The forms that bias in children’s books may take are as numerous and as various as the books themselves. This chapter does not attempt to analyse all these forms, nor even all the forms in which racism manifests itself.
A typology of racism in books does exist; it can be found in The Slant of the Pen (1980). Jorg Becker has identified seven patterns of argumentation by authors which will, alone or in combination, result in racist books.
Here we consider chiefly two of the most widespread forms of bias, generally described by the terms omission and stereotyping; some of the many other forms will most usefully be considered in the context of books on specific themes or subjects. But because they go across all media communications and because the terms have developed their own meanings for the campaigners against them, it seems advisable to examine omissions and stereotyping in some detail. When we then apply the terms to story books and curriculum materials we will be using them in a tightly defined way.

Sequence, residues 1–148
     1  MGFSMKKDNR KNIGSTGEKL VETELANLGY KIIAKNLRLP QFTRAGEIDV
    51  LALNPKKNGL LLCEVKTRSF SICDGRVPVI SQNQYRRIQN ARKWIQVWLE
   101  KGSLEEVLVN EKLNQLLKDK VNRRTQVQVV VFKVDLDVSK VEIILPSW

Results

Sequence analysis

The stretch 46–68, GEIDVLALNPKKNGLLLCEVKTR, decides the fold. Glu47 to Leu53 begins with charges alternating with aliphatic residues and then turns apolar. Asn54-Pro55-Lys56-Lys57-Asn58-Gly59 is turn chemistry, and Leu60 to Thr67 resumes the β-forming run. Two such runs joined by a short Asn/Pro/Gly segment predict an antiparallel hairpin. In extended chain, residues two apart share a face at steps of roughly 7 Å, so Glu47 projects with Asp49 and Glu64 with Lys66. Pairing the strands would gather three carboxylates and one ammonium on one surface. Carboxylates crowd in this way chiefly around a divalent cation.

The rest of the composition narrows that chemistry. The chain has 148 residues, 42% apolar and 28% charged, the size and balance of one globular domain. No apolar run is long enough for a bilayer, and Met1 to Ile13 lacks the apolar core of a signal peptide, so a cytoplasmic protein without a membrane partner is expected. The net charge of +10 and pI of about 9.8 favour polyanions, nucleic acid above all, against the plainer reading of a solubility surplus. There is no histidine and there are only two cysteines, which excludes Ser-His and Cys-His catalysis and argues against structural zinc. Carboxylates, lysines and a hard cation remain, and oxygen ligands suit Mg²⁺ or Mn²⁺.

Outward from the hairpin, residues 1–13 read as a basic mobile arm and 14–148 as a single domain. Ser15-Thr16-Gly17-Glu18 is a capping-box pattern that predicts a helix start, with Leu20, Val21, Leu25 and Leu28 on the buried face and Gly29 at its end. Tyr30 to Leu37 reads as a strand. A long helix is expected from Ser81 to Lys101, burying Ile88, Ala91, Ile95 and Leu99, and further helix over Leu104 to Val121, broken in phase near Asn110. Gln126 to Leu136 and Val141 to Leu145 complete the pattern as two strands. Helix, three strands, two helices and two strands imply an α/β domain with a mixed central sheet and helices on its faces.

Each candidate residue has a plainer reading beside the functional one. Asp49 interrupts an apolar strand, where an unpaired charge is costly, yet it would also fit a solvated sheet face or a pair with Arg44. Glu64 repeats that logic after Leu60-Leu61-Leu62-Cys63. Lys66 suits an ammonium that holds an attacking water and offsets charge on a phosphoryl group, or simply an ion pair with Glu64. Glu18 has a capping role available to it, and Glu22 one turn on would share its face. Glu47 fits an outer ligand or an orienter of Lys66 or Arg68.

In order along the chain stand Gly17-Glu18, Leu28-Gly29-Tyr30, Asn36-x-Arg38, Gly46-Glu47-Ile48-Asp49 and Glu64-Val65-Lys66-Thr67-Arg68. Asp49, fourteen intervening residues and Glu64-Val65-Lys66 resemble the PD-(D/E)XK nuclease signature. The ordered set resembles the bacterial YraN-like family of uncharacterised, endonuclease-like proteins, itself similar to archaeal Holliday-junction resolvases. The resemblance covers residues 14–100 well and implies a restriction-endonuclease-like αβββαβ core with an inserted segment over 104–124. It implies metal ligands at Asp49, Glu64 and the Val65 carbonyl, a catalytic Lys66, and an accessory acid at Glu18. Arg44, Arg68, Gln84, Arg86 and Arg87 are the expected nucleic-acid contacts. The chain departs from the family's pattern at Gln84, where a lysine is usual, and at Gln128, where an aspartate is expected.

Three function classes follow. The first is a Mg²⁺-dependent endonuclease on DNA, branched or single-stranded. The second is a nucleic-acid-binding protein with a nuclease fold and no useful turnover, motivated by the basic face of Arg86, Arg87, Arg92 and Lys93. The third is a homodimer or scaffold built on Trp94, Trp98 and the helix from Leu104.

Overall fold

‘Omission’ is self-defining. The most dangerous aspect of omission is that books may very effectively conceal what is left out of them, or even that anything has been left out.
Most authors write with considerable conviction, carrying their readers with them. It takes some time before one can learn to step back, pause, and reflect ‘Something is missing here’. Authors and editors determine what will be dealt with in any given book; if the reader cannot find what she wants there, she will be advised to seek